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THE BIRTH OF MOUNTAINEERING | The first feats on the mountains

The birth of mountaineering is generally traced back to 1786, more precisely the date of 8 August, when a team of two mountain enthusiasts from Chamonix conquered the summit of Mont Blanc. Until that time, the great Alpine peaks were considered a real taboo by the Europeans, and they were mainly hunting ground and smuggling places, where it was easier to avoid customs controls.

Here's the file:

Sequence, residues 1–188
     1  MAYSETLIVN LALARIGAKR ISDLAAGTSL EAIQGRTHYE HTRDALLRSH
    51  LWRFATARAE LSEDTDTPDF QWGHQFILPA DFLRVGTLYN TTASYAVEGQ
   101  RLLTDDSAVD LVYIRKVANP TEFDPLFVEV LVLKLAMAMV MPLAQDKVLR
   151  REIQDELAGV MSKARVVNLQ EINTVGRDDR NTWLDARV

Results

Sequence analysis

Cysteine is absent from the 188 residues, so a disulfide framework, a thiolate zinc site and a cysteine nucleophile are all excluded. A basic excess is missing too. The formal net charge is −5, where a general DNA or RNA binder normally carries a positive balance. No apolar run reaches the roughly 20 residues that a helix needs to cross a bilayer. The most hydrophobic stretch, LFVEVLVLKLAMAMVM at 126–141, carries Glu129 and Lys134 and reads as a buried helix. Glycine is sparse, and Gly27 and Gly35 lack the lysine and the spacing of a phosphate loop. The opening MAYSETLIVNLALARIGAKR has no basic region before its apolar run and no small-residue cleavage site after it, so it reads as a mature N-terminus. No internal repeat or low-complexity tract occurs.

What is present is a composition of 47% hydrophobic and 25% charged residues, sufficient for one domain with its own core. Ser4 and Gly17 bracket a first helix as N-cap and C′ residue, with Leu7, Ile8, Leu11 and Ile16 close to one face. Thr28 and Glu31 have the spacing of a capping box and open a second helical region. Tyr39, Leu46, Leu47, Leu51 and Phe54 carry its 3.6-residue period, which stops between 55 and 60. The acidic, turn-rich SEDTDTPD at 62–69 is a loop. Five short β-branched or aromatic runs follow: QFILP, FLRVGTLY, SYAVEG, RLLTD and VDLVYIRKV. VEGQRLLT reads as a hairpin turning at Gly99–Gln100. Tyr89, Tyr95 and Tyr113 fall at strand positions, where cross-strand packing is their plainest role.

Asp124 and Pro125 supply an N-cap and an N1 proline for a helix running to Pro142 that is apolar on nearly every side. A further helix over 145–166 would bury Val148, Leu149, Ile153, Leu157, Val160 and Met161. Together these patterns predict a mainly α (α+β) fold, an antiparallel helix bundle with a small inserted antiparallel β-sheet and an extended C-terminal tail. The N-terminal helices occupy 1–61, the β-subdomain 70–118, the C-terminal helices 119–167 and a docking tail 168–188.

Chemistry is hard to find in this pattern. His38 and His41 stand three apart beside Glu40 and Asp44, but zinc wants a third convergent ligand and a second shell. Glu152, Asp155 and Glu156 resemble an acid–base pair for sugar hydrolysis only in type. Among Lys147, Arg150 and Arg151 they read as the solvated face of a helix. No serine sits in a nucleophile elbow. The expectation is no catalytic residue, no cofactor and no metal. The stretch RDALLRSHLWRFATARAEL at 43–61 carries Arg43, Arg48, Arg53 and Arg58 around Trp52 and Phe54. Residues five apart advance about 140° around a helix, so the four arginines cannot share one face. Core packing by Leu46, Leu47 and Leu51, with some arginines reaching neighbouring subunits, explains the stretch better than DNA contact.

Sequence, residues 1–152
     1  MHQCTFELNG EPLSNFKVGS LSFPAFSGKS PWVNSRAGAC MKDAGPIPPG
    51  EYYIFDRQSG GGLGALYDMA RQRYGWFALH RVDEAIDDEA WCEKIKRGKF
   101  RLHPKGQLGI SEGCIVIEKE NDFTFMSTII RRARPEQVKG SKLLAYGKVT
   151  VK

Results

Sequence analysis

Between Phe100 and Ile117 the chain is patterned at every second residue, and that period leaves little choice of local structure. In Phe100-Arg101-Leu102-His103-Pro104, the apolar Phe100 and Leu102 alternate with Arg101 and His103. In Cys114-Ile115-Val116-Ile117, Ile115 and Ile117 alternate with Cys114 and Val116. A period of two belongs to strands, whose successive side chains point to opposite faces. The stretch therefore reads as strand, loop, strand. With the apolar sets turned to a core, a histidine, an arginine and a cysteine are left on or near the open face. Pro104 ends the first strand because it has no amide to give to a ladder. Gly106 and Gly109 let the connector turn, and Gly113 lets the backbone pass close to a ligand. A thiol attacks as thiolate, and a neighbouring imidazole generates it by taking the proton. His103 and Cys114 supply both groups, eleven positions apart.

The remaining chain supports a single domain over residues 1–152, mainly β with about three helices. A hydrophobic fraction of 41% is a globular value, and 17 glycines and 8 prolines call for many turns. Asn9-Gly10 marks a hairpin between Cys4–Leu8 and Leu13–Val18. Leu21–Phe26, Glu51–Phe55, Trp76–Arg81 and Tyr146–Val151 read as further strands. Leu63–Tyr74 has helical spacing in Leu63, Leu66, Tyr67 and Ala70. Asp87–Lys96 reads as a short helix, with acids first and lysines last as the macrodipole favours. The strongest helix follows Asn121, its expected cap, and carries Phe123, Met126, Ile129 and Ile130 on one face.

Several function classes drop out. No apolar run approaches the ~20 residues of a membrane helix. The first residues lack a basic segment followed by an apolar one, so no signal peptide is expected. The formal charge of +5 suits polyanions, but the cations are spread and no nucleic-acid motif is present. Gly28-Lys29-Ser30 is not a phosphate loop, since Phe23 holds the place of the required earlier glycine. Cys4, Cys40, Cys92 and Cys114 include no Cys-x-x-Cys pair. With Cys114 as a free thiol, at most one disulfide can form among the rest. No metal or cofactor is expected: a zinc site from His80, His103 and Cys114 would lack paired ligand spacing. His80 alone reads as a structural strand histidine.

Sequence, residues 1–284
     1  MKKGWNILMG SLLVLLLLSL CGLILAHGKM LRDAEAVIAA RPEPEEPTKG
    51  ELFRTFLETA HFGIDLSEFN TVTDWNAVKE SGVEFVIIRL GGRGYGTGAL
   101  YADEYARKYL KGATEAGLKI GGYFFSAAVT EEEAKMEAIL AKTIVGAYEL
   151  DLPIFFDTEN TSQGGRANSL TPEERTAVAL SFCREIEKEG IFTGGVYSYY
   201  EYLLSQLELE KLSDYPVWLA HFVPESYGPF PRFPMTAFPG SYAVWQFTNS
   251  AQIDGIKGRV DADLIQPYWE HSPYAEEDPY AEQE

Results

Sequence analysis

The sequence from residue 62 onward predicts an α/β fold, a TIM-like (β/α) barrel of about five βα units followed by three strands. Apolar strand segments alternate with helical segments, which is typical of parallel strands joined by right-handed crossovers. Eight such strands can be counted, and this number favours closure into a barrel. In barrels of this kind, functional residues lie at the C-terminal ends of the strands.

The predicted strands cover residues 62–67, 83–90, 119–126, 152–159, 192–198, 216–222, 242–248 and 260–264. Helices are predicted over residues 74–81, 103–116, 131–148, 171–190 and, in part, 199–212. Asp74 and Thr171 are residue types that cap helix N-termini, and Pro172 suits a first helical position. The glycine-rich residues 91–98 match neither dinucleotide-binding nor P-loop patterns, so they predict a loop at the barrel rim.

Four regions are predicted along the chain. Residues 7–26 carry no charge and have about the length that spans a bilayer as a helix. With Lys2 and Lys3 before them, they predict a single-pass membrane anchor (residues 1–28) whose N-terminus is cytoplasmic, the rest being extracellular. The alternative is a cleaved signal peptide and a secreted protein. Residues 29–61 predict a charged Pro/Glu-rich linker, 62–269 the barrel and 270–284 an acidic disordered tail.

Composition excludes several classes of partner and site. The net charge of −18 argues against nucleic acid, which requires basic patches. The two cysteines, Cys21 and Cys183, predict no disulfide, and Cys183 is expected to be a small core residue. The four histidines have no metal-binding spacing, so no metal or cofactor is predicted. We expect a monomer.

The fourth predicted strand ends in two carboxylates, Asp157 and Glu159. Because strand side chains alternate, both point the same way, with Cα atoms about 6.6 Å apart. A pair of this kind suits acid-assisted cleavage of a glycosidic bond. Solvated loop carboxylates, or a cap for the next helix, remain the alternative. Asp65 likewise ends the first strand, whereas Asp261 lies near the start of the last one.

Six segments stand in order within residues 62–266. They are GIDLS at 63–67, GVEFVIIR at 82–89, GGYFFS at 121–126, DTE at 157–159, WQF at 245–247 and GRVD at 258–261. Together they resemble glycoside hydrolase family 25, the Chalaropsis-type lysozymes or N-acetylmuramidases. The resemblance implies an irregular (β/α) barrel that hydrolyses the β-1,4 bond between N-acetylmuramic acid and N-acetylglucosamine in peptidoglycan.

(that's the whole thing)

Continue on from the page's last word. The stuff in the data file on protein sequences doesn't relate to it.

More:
From this first, historic ascension, driven above all by scientific interest due to the high altitude atmospheric conditions and relative behavior of the human body, all the other expeditions started towards the peaks of the Alpine arc, and progressively lost their scientific character to make room for the challenge and to the increase of the tout-cour mountaineering ability, up to becoming real competitions between different groups, as happened in the case of the first ascent of the Matterhorn, in 1865. It was above all passionate English and German climbers who ventured into the first ascents to the Alpine peaks, belonging to the wealthy bourgeoisie who could afford the necessary expenses to equip the groups. However, the fundamental element of these challenges remains the presence of mountain guides, the local people who, thanks to the knowledge of the terrain and the trails, managed to make the adventurers move safely among the dangers of the mountains.

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